Lower expectations of tech giants – The Hollywood Reporter
USAZuckerberg’s box arrives with bad news. During a meeting with employees in July, the Meta CEO, who has shifted the focus of the company and investments to the metaverse, told employees to prepare for one of the “recessions”. worst we have seen in recent history” as Reuters reported. Employees who used to use abundant resources will need to work less, and employees who cannot rise to the occasion and prove their worth at the company will be disqualified. It’s a bleak reminder of a forecast year ahead for the tech giants, which are entering another earnings season with falling stock prices and falling advertising.
Snap, Snapchat’s parent company, will be the first of the major social and tech platforms to report earnings, on July 21. The company is expected to miss revenue targets Its SEC filing, according to an SEC filing in May, warned that “the macroeconomic environment has deteriorated more rapidly than anticipated,” resulting in” revenue and EBITDA being adjusted below the lows. within the scope of our Q2 2022 guidance”. Snap CEO Evan Spiegel also noted a change in the “speed” of hiring, indicating a slowdown.
In June, Spotify said it would reduce its hiring growth rate to 25% in response to the ongoing economic downturn. And on July 12, Google joined the fray when Alphabet CEO Sundar Pichai announced a reduction in hiring rates and urged employees to “be more entrepreneurial, work more urgently, more focused and hungrier than we showed on sunny days.”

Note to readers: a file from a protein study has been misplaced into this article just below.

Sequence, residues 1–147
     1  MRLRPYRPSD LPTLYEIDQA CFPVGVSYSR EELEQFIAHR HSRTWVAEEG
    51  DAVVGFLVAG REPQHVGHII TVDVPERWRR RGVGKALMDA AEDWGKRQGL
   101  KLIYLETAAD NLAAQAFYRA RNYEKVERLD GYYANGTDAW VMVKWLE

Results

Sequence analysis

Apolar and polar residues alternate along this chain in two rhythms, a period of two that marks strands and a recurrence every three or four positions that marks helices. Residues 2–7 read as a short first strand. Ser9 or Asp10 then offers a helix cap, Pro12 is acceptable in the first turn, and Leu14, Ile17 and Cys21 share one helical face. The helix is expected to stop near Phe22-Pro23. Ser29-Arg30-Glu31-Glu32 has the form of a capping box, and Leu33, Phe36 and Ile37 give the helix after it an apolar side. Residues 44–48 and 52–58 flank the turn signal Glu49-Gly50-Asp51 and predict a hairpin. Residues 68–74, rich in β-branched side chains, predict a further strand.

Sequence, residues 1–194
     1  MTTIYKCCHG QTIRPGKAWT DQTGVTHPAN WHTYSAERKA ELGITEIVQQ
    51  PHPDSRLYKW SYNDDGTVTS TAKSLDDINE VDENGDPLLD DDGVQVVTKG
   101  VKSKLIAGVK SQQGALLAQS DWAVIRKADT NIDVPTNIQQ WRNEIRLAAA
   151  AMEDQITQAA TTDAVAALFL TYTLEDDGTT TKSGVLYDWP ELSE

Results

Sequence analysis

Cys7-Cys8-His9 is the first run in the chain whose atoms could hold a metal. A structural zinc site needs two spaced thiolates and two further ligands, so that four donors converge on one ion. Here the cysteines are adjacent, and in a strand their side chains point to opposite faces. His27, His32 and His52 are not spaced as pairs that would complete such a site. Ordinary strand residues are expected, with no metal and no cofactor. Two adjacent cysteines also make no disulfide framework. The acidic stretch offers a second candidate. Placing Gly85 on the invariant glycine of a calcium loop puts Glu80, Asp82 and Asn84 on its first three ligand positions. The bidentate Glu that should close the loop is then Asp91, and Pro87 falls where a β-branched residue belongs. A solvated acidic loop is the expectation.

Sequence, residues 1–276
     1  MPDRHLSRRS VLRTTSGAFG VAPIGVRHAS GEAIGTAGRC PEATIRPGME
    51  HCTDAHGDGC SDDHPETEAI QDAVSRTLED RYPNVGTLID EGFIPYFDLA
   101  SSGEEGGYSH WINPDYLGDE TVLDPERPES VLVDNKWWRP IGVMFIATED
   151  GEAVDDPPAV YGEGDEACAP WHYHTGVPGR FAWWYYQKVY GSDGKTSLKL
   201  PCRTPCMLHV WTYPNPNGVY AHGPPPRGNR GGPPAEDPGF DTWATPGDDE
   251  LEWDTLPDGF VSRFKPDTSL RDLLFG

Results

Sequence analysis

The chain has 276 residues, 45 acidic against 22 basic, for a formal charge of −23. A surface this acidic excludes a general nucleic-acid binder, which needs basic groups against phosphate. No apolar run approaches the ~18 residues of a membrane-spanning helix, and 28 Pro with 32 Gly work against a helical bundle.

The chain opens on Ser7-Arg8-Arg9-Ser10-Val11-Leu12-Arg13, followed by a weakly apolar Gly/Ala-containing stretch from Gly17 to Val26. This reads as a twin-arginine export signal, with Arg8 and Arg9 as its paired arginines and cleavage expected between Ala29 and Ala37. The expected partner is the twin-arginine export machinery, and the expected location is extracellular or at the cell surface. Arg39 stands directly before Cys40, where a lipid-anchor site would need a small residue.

Even as a few individual companies manage to meet second-quarter revenue expectations, their share prices, at least in Meta’s case, have fallen nearly 50% this year. Private competitors like TikTok, which Insider Intelligence forecasts will surpass both Twitter ($5.58 billion) and Snapchat ($4.86 billion) in ad revenue this year at 11.64 billion USD, is also coming and taking over the market, forcing the tech giants to get more creative.
As a result, some platforms like Snap — with digital ad revenue accounting for just 1.1% of the market share in the US, according to eMarketer — have begun experimenting with subscriptions. In June, the company launched Snapchat+, a $3.99 a month subscription that gives users access to new features — albeit with ads.
While the initial launch may have confused some observers, Snap rolled out a subscriber-only web version of Snapchat on July 18 that allows users to send messages and video calls with others through their computers. Given that Snap is seen as more of a social platform than a work-oriented service, the feature may be compelling enough to appeal to Zoom-tired subscribers looking for a change and bring back. give Snap another way to make money.
A version of this story appeared in the July 20 issue of The Hollywood Reporter. Click here to subscribe.